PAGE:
Other works are not so reticent, but declare themselves immediately with strident backgrounds of red, azure blue or grass green, which are in turn overlaid with big blocks of strong, contrasting color and bold, barely controlled gestures of crayon or pigment.  Sometimes delicate, other times crude, these shapes are as confident as they are enigmatic.  There is no narrative here, no underlying message, except for the process, with its revelations, both conscious and unconscious.  Any single interpretation is by design subject to change.  In many ways, what you see is what you get, except that the next time you look, what you get may be completely different.


"Paintings Do the Talking, Without Too Many Specifics"

Published in the New York Times (February 27, 2000)
Written by Barry Schwabsky

Gary Komarin doesn't want to say too much about his paintings, but he's not brusque about it.  He's almost apologetic, actually, but in the course of explaining why he'd rather let the paintings speak for themselves, he ends up telling quite a bit.

Oddly enough, the paintings are very much the same way.  Seemingly imprecise in their imagery, austere in palette, self-absorbed in feeling, their surfaces gritty and uningratiating, they can nevertheless become eloquent, for those patient enough to give them time.

Although abstract, Mr. Komarin's paintings sometimes contain shapes that are quite legible - a wig or a hat, for instance - but more often they tend to suggest many things without getting quite specific about any of them.  And in conversation, the artist is not eager to make them any more specific.  The forms resonate when they are at once strange and familiar.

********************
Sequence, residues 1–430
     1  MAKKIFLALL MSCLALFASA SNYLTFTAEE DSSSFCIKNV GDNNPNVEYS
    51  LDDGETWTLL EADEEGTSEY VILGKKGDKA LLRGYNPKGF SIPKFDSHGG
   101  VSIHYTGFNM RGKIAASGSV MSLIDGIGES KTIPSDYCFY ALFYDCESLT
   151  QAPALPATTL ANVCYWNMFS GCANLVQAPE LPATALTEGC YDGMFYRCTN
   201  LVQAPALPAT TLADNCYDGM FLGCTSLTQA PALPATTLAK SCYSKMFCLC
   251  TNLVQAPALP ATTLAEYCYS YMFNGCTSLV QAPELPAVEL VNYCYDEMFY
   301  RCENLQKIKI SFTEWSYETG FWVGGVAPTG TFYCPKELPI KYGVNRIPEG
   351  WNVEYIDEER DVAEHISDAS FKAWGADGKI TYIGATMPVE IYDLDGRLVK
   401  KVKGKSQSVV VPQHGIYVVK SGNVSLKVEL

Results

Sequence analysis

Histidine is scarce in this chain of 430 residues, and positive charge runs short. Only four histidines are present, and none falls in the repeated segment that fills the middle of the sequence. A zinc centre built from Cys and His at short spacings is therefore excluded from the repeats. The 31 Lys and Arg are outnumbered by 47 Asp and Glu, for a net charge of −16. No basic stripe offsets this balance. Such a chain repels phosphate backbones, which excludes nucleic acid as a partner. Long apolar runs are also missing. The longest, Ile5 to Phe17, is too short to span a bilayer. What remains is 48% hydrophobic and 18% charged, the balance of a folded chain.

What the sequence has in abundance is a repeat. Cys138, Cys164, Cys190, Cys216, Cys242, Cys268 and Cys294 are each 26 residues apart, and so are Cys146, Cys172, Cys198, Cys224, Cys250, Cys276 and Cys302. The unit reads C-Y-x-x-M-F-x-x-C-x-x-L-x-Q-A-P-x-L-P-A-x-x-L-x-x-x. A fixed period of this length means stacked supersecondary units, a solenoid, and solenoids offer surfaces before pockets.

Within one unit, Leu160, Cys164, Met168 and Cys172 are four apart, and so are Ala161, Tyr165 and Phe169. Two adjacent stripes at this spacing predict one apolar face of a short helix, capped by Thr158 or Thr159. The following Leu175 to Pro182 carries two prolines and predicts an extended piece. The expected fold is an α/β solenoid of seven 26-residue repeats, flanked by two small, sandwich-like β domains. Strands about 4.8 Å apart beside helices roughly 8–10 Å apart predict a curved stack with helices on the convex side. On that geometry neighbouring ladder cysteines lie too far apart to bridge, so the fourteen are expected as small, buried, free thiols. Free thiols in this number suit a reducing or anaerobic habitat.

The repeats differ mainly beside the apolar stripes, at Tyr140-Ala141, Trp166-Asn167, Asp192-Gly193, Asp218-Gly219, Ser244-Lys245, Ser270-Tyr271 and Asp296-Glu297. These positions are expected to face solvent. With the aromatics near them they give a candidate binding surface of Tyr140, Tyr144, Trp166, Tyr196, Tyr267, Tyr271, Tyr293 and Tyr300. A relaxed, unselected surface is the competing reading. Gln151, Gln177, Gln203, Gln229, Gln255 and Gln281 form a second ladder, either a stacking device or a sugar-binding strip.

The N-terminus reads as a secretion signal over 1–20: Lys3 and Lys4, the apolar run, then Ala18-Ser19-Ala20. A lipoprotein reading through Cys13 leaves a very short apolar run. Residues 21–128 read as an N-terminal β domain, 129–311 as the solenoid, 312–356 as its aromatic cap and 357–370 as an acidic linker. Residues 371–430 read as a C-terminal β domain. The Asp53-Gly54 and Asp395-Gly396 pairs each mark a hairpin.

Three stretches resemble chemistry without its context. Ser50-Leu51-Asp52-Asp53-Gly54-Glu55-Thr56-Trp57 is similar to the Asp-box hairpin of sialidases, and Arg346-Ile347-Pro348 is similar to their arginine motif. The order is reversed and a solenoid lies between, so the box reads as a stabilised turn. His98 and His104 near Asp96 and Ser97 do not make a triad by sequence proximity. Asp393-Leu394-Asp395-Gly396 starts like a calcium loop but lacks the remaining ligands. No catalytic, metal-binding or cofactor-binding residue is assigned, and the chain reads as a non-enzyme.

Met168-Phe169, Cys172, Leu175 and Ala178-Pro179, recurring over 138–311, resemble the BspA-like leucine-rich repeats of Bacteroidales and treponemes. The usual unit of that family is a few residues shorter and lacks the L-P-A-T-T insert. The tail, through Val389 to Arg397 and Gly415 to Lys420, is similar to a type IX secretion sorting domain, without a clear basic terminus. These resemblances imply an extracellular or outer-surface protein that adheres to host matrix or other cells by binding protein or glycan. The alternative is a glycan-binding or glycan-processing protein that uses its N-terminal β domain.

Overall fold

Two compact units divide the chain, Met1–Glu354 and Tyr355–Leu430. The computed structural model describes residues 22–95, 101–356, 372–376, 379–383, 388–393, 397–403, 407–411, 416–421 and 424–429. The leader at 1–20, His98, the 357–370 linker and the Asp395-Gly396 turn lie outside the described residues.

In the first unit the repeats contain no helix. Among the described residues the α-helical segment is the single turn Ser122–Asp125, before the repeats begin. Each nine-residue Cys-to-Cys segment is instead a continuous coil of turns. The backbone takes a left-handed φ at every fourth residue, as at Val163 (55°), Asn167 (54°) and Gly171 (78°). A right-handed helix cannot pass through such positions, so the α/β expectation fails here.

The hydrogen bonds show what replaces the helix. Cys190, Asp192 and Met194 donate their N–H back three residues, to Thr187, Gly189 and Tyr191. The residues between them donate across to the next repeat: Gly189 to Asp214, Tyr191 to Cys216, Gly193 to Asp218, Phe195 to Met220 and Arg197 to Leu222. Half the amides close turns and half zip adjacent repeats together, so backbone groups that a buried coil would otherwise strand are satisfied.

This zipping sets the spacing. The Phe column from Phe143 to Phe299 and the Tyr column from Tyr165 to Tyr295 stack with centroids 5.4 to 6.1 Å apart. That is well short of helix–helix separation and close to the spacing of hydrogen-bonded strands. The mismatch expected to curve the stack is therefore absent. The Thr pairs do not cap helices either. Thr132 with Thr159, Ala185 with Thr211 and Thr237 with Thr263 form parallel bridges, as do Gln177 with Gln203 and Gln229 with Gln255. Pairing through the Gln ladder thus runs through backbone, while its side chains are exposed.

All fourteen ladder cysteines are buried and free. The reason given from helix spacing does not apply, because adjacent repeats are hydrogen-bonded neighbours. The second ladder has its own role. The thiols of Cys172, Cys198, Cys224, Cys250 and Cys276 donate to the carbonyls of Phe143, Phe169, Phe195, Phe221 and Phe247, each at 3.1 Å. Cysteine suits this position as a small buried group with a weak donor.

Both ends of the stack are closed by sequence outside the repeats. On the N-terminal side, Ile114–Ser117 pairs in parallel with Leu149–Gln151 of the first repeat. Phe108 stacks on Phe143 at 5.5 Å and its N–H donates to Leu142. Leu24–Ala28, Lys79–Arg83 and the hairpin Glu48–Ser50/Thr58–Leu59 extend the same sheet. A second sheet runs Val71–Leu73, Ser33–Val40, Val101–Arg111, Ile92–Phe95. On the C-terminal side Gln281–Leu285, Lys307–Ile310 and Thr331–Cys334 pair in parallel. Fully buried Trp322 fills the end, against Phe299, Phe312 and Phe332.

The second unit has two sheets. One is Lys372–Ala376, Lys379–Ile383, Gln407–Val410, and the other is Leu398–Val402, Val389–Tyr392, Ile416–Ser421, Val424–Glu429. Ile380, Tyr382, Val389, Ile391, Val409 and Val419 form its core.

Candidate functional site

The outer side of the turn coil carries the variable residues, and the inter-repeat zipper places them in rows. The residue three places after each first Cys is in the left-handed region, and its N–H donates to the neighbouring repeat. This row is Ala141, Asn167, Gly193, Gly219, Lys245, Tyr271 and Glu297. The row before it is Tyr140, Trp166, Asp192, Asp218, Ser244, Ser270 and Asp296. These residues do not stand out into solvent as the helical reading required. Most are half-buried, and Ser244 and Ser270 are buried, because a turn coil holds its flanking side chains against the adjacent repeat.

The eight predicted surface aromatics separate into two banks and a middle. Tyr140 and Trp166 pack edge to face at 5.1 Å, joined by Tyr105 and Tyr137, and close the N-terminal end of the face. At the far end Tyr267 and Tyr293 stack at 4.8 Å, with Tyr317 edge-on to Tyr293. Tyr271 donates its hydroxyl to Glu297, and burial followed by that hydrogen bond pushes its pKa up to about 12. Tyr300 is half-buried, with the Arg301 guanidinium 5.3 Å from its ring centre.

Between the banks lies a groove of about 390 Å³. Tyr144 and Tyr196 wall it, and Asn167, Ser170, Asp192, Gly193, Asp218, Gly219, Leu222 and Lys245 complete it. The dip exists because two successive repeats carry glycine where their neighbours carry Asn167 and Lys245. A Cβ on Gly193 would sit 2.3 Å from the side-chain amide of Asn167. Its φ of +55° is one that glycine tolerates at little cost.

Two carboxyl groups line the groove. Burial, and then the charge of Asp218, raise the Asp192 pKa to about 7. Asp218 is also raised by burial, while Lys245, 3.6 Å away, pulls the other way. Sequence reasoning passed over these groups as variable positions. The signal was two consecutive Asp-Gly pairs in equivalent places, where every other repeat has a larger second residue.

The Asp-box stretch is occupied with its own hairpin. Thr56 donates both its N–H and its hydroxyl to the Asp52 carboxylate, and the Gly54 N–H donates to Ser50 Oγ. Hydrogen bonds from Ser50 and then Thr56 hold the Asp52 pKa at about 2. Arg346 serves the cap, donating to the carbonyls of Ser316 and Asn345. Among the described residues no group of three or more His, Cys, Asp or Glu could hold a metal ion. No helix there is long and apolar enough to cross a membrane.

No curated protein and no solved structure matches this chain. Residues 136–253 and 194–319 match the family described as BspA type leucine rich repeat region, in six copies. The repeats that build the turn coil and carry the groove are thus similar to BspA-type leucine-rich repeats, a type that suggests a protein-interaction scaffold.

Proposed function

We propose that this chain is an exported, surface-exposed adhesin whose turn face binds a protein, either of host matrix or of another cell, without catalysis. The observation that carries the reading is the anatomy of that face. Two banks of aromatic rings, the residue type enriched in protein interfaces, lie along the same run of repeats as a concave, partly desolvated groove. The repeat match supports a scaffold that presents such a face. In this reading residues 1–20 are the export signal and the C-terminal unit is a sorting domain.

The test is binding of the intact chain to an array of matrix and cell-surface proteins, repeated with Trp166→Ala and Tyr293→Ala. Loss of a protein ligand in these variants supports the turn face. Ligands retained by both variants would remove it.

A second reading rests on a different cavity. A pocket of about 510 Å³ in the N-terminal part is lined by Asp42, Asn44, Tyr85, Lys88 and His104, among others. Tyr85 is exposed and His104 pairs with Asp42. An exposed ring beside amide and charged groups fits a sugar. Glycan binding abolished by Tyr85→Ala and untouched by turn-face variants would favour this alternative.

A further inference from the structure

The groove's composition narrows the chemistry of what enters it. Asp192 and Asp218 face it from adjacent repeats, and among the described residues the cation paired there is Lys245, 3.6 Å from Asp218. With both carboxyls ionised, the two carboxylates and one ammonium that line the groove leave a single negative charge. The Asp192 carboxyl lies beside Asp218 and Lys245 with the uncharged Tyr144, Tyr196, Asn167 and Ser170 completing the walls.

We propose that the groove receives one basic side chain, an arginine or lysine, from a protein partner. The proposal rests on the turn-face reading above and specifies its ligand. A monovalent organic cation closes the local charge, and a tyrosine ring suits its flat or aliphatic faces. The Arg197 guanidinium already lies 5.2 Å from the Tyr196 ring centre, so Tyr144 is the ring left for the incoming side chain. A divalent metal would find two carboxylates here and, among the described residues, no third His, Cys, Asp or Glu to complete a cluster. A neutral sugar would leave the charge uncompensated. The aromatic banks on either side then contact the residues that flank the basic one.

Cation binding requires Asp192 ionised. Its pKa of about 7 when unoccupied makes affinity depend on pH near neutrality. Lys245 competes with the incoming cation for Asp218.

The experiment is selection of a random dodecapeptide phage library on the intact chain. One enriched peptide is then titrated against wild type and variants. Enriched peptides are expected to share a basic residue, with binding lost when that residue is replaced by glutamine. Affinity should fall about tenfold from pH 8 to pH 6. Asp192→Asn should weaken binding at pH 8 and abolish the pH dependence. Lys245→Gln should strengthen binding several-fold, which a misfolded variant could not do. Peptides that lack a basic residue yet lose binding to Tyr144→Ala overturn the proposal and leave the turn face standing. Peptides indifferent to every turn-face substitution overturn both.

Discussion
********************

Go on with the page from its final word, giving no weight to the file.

"I don't know what this form is," Mr. Komarin says, walking across the gallery to indicate 'Estragon,' a painting from 1998.  "Maybe it reminds me of a bongo - but if I start to think of it as a bongo, that calls up all kinds of associations that are irrelevant to the painting.  So I try to dissociate from that while I'm working on a painting.

"It would be misleading to put a name to these forms.  As a viewer you bring something different to them, depending on your own experience - depending on what you saw last week, or what you read, or maybe what you ate."

Often the forms echo the awkwardness of children's art.  "Most artists love children's drawings because they're so direct and free," Mr. Komarin says.  But his nebulous, seemingly half-formed or half-identified shapes are meant less to recall they way children draw than their experience of seeing things without knowing what they are, what he calls "a childlike sense of wonder and bafflement."

When asked whether a recurrent form in some of his most recent paintings, a simple loop attached to a vertical line, is really meant to be seen as a noose, Mr. Komarin acknowledges that he sees it that way too, explaining that he'd been thinking of the child's word game hangman.  But he doesn't disavow the sinister overtones of the image, speculating that the game's origins are linked to the fact that hangings were once a form of public spectacle or popular entertainment.

Although Mr. Komarin has lived in Flanders for the last 14 years, his tough, somewhat taciturn manner still evokes New York City, where he was born and grew up.  He has been exhibiting his work nationally since 1981, but 2000 looks to be his busiest year ever.  Along with this exhibition, he is also doing one-person shows this year in Atlanta, Des Moines, Palm Springs, Calif., and Washington.